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Palaima: Flawed American policies cast long shadows
Thomas G. Palaima, REGULAR CONTRIBUTOR
Austin American-Statesman Tuesday, February 13, 2007
Today is the 70th anniversary of the beginning of the bombardment of the city of Barcelona during the Spanish Civil War by the Italian battleship Eugenio di Savoia. The target was an airplane motor factory three blocks from the small apartment where my family is now living. None of the shells hit the factory. They hit residential areas instead, killing eighteen civilians.
Barcelona was the first modern European city to suffer what we euphemistically call "collateral damage." It also was first to suffer intentional bombardment of civilian populations, a practice later used widely by Axis and Allied governments during World War II. Barcelona was bombed 170 times between 1937 and 1939, leaving 2,500 people dead. Francisco Franco gave the German Condor Legion permission to practice terrorist bombing on the Basque town of Guernica in April 1937.
The newspaper La Vanguardia shows an aerial photograph of the Italian air strike on March 17, 1938, that leveled two city blocks of Barcelona. It was ordered by dictator Benito Mussolini in reprisal for the defeat of Italian ground troops elsewhere in Spain.
A city map in La Vanguardia shows where bombs hit. Two buildings on our block were blown up. A nearby stone building front still shows the damage of fragmentation bombs. Seven citizens reminisce in the newspaper about living for two years under bombardment as children. One said she still reacts with fear at ambulance or police sirens.
Residents here have vivid memories and reminders of the destructive force of war and of a fascist regime that violated the human rights of its own men, women and children. This may explain why the Spanish government is sensitive about events in Iraq and Afghanistan and concerned whether international safeguards for the protection of prisoners are being observed.
The newspaper El Pais recently reported that the U.S. government and military used Spanish bases at Roto, Morón and Torrejón to fly illegally detained suspected terrorists to Guantánamo. This violated international law and bilateral agreements with the Spanish government.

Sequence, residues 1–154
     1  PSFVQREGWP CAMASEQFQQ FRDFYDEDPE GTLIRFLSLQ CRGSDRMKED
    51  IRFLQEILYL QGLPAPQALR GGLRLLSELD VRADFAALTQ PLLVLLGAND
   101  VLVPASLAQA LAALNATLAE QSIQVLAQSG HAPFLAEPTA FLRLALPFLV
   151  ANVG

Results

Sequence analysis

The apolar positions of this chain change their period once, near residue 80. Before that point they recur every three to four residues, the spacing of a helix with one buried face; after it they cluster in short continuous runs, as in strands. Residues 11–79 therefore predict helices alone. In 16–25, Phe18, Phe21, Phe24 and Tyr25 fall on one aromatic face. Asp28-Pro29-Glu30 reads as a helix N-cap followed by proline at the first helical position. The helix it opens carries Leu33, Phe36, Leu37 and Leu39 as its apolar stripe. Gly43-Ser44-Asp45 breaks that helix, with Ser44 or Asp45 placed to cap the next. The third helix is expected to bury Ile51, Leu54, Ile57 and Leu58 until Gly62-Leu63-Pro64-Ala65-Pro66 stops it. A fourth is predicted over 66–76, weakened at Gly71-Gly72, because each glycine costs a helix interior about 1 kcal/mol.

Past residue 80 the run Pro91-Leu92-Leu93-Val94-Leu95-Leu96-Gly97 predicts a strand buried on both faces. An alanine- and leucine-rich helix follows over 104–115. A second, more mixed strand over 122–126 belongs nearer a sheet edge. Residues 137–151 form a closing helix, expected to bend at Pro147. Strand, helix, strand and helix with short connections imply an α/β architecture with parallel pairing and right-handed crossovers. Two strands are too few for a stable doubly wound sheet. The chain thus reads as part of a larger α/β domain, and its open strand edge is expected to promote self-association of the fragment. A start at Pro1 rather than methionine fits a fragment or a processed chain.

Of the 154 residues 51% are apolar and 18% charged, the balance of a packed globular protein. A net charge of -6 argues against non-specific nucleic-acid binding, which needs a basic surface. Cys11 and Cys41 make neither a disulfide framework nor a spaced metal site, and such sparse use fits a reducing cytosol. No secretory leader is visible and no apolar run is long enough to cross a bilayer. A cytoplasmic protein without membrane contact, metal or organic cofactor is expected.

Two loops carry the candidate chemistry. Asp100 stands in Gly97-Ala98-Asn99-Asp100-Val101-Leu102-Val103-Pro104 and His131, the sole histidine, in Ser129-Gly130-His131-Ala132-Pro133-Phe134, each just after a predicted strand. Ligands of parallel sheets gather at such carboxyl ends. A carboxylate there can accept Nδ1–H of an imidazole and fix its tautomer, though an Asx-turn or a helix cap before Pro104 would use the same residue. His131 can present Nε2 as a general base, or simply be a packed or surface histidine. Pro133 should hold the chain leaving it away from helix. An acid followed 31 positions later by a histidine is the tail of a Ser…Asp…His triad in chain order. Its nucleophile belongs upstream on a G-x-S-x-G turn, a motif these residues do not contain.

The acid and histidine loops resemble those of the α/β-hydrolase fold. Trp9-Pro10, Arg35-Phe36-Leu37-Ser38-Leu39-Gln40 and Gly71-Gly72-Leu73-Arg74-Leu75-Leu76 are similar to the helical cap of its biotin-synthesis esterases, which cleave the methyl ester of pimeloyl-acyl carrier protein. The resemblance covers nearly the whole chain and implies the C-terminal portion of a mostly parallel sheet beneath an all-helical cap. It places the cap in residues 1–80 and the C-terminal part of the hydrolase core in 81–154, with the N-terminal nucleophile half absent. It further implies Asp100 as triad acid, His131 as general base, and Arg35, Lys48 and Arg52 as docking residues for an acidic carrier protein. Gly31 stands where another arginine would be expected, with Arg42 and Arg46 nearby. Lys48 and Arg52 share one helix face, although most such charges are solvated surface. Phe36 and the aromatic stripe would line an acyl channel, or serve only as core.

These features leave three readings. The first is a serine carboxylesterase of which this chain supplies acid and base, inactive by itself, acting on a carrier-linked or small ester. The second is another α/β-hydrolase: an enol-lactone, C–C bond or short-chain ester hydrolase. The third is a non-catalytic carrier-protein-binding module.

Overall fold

Popular political cartoonist Peridis played upon Spanish Roman Catholic tradition in a cartoon showing a seated man facing a seated woman. She holds a rosary. The woman sings the Latin response that I sang as a young altar boy: "Pray for us." The man sings the priest's part, but instead of the names of holy saints, he chants the names of unholy places: Rota - Guantánamo / Ora pro nobis. Morón - Guantánamo / Ora Pro Nobis. He then remarks, "All roads lead to Guantánamo." And she replies, "Wasn't it to Rome?"
The former president of Spain, who committed troops to Iraq in 2003, recently admitted there were no weapons of mass destruction. This prompted the current president, José Luis Rodríguez Zapatero, to comment ironically, "Even now he is mistaken. There is a weapon of mass destruction in Iraq: war and the hatred it has promoted."
American policies cast a less than favorable light on the values of our society. Last week, Spain held a day of "blackout." Citizens and institutions did their part to conserve energy in a united national response to global warming. Even the lights of Barcelona's greatest landmark, the spires of Antoni Gaudí's famous church, La Sagrada Familia, were dimmed.
In 1997, the United States refused to sign the Kyoto Protocol, citing among its supposed flaws that it placed restrictions on developed countries that it did not place on developing ones. We continue to export our Hummer-SUV lifestyle. And I continue to explain to Spanish friends that Austin has no significant train or Metro systems.
Still, most baffling was our recent refusal to join in the proclamation made by 58 nations at a UNICEF-organized conference against the use of children as soldiers in combat. The European Union, Switzerland, Canada and Japan signed the proclamation, but - as was widely noted in the Spanish news - not the United States.
In June 2005, President Bush called upon longtime adviser Karen Hughes to help give the United States' image an extreme makeover. Whatever she did, if anything, sure hasn't worked.
Palaima is a University of Texas professor. This is the second in a series of columns from Spain.
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